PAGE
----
Presentation on theme: "English: Tuesday, September 25, 2012 1.Handouts: * Grammar #76–Commas in Review * If you were absent yesterday, pick up make-up work. 2.Homework: * Grammar."— Presentation transcript:
English: Tuesday, September 25, 2012 1.Handouts: * Grammar #76–Commas in Review * If you were absent yesterday, pick up make-up work. 2.Homework: * Grammar #76—Commas in Review (will start in class) * PAW #2, use any QW from QW #7 – QW #16 Due Monday, Oct. 1—NO late work Type in dark ink, 12 pt. Times New Roman, double-spaced Include a five-line heading: Name, Class, Date, the QW# & title, PAW #2 Length—as long as it takes to create a well-developed paragraph; however... Do not exceed one page double-spaced, using one-inch margins. 3.Assignments due: * Grammar #75–Using Commas, Part 4
Lesson Goal: Demonstrate your ability to apply commas correctly in a variety of sentences. Outcomes: Be able to... 1.Apply the 11 rules for using commas for using commas correctly (Gr. #76, Commas in Review). 2.Demonstrate your understanding of the comma rules by identifying which rules were used on one page of an AR book.
Starter #1 Take out your comp book. Turn to the first blank page. In the upper right hand corner, write the following: Tues., Sept. 25, 2012 QW #14: My Favorite Dog Then copy the bold print portion of this prompt on the top lines: If you had to name your all-time favorite dog, what dog would you cite? It could be one that belonged to you, your family, your extended family, a neighbor, or a friend. Describe what made that dog so special and why he/she held (or holds) a special place in your heart. Remember to write in complete sentence, avoiding fragments and run-ons. If you are not sure how to spell a certain word, just sound it out and circle it.
Starter #2: So far, we have learned 11 rules for using commas correctly. As we review show by a raise of hands—after seeing each rule—which ones you are confident that you understand and could easily apply. Be careful... I may ask you to prove it! ;-) Use commas to separate three or more items in a series. No one knows whether Bigfoot is a man a myth or a monster. No one knows whether Bigfoot is a man, a myth, or a monster. Use a comma to show a pause after an introductory word in a sentence. No Bigfoot has never been captured. No, Bigfoot has never been captured. Use a comma when beginning a sentence with several prepositional phrases. Despite years of searching no one has gotten close to Bigfoot. Despite years of searching, no one has gotten close to Bigfoot. Use commas to set off words that interrupt a flow of thought. That does not mean however that people will stop trying to find him. That does not mean, however, that people will stop trying to find him.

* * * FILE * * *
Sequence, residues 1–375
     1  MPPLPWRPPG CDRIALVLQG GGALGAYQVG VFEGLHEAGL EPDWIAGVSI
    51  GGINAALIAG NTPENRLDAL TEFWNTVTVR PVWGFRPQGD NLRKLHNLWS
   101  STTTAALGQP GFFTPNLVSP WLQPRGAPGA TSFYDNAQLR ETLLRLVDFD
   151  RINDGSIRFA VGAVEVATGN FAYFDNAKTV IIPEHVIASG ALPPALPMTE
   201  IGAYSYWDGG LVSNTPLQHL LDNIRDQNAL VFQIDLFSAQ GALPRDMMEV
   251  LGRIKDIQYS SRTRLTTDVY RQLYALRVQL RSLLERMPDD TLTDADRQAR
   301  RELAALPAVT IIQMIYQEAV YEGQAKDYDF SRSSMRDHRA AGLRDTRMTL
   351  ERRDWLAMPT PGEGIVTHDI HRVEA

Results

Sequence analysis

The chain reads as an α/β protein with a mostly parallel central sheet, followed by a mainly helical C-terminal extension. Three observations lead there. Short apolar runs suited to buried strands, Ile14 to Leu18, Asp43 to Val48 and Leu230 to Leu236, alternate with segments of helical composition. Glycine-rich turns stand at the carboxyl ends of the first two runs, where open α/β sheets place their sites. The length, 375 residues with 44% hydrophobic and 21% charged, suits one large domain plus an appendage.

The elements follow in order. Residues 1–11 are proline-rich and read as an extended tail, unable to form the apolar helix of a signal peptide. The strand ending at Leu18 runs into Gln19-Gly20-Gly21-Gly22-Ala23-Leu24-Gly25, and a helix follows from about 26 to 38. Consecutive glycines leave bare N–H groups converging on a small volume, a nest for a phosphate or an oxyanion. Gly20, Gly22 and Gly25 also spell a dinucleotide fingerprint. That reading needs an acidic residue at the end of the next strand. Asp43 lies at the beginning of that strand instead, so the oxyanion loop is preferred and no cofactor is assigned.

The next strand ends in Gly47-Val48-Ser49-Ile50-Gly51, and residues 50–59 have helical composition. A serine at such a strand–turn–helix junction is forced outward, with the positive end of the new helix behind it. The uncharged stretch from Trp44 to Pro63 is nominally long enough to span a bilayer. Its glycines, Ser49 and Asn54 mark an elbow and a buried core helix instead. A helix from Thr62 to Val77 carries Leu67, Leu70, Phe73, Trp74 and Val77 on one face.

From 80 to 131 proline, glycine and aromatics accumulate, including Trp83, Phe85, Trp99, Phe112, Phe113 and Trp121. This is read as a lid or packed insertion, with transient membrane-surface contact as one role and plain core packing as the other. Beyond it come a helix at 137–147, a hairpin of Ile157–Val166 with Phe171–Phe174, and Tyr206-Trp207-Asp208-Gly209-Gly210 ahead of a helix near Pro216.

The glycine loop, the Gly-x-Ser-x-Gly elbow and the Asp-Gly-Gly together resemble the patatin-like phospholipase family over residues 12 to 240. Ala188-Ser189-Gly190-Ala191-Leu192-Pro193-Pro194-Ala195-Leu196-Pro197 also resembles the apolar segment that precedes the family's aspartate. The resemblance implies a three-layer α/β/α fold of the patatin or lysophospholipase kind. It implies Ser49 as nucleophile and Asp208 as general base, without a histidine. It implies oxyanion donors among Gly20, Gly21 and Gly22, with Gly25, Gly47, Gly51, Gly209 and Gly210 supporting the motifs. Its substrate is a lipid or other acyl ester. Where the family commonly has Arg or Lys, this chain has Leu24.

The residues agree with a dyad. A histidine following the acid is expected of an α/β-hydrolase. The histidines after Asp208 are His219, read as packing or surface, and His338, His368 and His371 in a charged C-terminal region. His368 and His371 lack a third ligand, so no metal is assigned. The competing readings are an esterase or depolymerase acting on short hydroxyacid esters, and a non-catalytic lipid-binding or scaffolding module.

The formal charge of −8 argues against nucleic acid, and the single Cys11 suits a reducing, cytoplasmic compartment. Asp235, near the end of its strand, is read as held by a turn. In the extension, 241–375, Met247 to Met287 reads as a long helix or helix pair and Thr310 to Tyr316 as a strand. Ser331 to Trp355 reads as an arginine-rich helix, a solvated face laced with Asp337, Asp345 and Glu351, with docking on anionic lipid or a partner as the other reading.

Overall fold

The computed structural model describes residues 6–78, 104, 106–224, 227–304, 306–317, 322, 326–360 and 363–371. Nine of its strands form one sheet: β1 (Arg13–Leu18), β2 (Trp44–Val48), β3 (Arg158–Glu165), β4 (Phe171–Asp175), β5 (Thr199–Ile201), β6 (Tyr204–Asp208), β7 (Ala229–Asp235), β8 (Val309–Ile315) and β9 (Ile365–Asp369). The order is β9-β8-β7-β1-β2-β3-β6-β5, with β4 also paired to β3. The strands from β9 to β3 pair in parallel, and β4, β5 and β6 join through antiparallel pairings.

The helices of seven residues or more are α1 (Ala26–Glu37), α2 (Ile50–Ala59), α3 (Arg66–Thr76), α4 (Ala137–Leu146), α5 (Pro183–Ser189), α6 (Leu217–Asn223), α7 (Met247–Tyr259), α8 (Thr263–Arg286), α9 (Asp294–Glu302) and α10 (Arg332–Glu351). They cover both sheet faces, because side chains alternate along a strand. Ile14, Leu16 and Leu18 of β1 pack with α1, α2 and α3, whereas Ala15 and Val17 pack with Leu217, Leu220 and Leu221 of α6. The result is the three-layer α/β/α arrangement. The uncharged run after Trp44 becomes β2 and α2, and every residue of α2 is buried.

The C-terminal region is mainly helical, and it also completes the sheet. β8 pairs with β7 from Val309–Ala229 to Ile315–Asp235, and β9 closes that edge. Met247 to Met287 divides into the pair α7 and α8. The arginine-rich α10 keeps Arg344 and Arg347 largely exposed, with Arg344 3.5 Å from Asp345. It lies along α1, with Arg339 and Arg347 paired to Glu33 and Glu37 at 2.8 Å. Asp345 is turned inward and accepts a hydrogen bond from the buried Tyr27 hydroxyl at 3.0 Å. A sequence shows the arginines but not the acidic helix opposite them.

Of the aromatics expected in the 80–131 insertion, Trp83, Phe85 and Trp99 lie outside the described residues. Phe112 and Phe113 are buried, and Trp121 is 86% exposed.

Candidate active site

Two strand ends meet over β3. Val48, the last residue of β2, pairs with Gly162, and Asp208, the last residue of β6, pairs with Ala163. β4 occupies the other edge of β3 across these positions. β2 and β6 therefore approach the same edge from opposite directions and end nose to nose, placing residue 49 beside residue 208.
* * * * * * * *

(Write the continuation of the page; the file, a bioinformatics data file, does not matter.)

Use commas to set off names used in directly addressing someone. Bethany what would you do if you saw Bigfoot? Bethany, what would you do if you saw Bigfoot? Use a comma before a conjunction IF it is joining two simple sentences. Felicia constructed the model and Paul painted it. Felicia constructed the model, and Paul painted it. Daniel wants to go to the movies but he has to do his homework. Daniel wants to go to the movies, but he has to do his homework. You can come with us or you can stay home and read. You can come with us, or you can stay home and read. Use a comma in friendly (non-business) letters after the salutation (opening greeting) and use it in both business and friendship letters after the closing phrase. Dear BethWith loveSincerely Dear Beth,With love,Sincerely,
Use commas Use a comma to prevent misreading. Instead of three four o’clock is a better time. Instead of three, four o’clock is a better time. In dates, use commas after the day of the month and the year. Do NOT use commas if only the month and year are given. Shama arrived in this country on July 6 1989 with her family. Shama arrived in this country on July 6, 1989, with her family. She became a citizen in January 1996. Use commas before and after the name of a state or country when it is used with the name of a city. Do NOT use a comma after the state if the state name is followed by a zip code. She used to live in Chicago Illinois but now she lives in Detroit Michigan. She used to live in Chicago, Illinois, but now she lives in Detroit, Michigan. His address is 296 S. Pacific Avenue Pittsburgh Pennsylvania 15211. His address is 296 S. Pacific Avenue, Pittsburgh, Pennsylvania 15211.
Use a comma or a pair of commas to set off an abbreviated title (except Jr. and Sr.) or to set off a degree following a person’s name. Lou Szupinski Ph.D. wrote the book about fossils. Lou Szupinski, Ph.D., wrote the book about fossils.
Starter #3: Today’s activity is designed to test your ability to use commas correctly by applying all of the rules we have learned. When you finish today’s assignment, open your AR book to any page you want, and let’s try an experiment.... Take out a sheet of notebook paper. Divide it in half and make six boxes in each section (see chalkboard illustration). Each box will represent one rule. Number the boxes from 1 to 11. Every time you find a comma on the page of your AR book, make a tally mark in that box. You may refer to the list of comma rules on the next PP slide.